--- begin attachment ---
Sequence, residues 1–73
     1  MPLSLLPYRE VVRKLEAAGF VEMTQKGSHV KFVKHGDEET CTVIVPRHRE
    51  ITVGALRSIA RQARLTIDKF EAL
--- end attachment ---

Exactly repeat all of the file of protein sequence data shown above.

Sequence, residues 1–73
     1  MPLSLLPYRE VVRKLEAAGF VEMTQKGSHV KFVKHGDEET CTVIVPRHRE
    51  ITVGALRSIA RQARLTIDKF EAL